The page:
There has been a lot of controversy over how Facebook handled matters during the past election campaign. Mark Zuckerberg responded to some of these issues in a Facebook post here. He concentrated on how Facebook handles the posting of “fake news.” Some of us who supported Sanders used the opportunity to respond to Zuckerberg in the comments on related matters as, while possibly the actions of individual employees and not “official” Facebook policy, Facebook often intervened unfairly on the side of supporters of Hillary Clinton. I posted this comment:

Please also look at how Facebook handles intervening in political arguments and your policies on restricting access.

During the primary campaign we had a lot of problems with Clinton supporters launching personal attacks on Sanders supporters. We would respond to defend ourselves, the Clinton supporter would then file a complaint, and the Sanders supporters would be restricted from Facebook use. Attempts to contact people at Facebook and explain the situation invariably went unanswered.

With the size and influence of Facebook, you have a responsibility to ensure that these matters are handled fairly, and for there to be due process for those whose access to posting on Facebook is being restricted.

There were comparable issues with entire Sanders sites being temporarily shut down.

My comment can be found here. I’m posting this on some Sanders groups in the hopes that adding “likes” for my comment will increase the chance that it gets Zuckerberg’s attention. If  you are reading this on Facebook, click through to the blog post for the links. In scanning the comments, I have also found some other similar comments. Please “like” them as well if you come across them, and add your own.

I had a previous blog post on the shutting down of pro-Sanders Facebook pages here.

This is primarily a matter of fairness as to how Facebook users are treated but also has major implications for the country. The election of Donald Trump came about because of how the Democratic establishment pushed through the nomination of Hillary Clinton, a weak candidate who was probably the only major political figure who could not win a general election campaign against Trump. Those who pushed for the nomination of Clinton over Sanders helped make possible the eventual victory by Donald Trump.

It Is Sad To See Some Sanders Supporters Acting Like Clinton Supporters & Republicans

Sanders Clinton CNN

We are accustomed to seeing Clinton supporters spread misinformation, ignore facts, and try to prevent those they disagree with from expressing their views. It is a shame to see some Sanders supporters using the same tactics.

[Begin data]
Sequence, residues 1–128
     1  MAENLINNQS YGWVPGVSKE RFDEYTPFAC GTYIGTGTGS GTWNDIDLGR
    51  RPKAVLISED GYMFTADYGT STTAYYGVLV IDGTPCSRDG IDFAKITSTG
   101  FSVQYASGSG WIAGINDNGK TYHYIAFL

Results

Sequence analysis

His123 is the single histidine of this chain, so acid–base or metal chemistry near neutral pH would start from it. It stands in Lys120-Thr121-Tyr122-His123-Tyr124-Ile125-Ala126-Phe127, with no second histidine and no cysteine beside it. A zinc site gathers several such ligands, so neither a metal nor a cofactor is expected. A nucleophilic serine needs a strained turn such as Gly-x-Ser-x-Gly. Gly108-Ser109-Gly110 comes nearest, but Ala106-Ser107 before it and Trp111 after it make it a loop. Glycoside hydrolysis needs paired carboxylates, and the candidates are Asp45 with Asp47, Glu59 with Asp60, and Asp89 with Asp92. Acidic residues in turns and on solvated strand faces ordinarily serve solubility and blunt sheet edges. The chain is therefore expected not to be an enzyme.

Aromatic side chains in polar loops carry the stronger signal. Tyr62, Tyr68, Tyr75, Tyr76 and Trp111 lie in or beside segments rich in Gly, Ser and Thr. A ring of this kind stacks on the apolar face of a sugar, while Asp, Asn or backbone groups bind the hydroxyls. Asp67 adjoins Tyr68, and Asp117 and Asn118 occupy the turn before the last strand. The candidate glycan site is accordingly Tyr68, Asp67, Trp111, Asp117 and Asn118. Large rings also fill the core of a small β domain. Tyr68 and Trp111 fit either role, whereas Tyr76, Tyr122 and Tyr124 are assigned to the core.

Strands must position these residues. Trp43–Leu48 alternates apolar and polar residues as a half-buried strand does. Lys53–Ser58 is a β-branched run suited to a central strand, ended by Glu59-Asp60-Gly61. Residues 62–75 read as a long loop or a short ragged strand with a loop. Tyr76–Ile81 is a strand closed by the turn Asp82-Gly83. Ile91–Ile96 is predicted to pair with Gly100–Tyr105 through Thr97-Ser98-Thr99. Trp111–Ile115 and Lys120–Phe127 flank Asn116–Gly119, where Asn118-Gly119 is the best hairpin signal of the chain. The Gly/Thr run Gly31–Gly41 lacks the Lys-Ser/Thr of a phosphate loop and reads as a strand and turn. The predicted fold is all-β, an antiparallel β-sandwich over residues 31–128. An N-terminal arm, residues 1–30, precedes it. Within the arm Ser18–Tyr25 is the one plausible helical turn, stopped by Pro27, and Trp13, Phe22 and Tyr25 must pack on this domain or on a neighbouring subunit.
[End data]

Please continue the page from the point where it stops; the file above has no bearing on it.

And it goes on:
There are many valid sources of information about Hillary Clinton which are relevant to the campaign. There are also right wing sources which spread misinformation which Sanders supporters would be wise to stay away from. I recently found a Sanders supporter spreading bogus claims about Clinton, claiming that being on Coumadin should disqualify her from being president.

The claims were written by Jerome Corsi, one of the writers who spread the Swift Boat Lies against John Kerry. The article they linked to was one of many on the same topic posted by him at World Net Daily. The source is a second reason for Sanders supporters to be skeptical.The article uses pseudo-science to make claims which are contrary to current standards of medical care. The source of the information is a quack physician who lost his license due to holding views which could jeopardize the lives of his patients.

As both a physician and long-time Sanders supporter I attempted to correct this misinformation after it was reposted in the Progressive BERN Party Facebook group. Besides noting the medical fallacies in the argument and how untrustworthy the source was, I pointed out that if Sanders had a medical condition which required the use of such a medication we would be defending his ability to still be president.

There are enough valid arguments against Clinton being president. There is no benefit in repeating  bogus claims from the far right. This is true of this particular argument, as well as many others from right wing sources which are sometimes repeated by Sanders supporters.

The reaction at the Progressive BERN Party Facebook group was to ban me from the group after pointing out the medical facts. That is certainly an intellectually dishonest and cowardly way to respond to being corrected on the facts. We might expect such thinking from Clinton supporters, and from Republicans. Unfortunately it is also seen in some Sanders supporters. Besides, if the goal is to really promote a new political party along the lines of Sanders’ views, and in opposition to Clinton’s views, what sense does it make to ban someone who has been promoting such views for quite a long time? Sanders supporters should be seeking to broaden their groups, not play games such as this.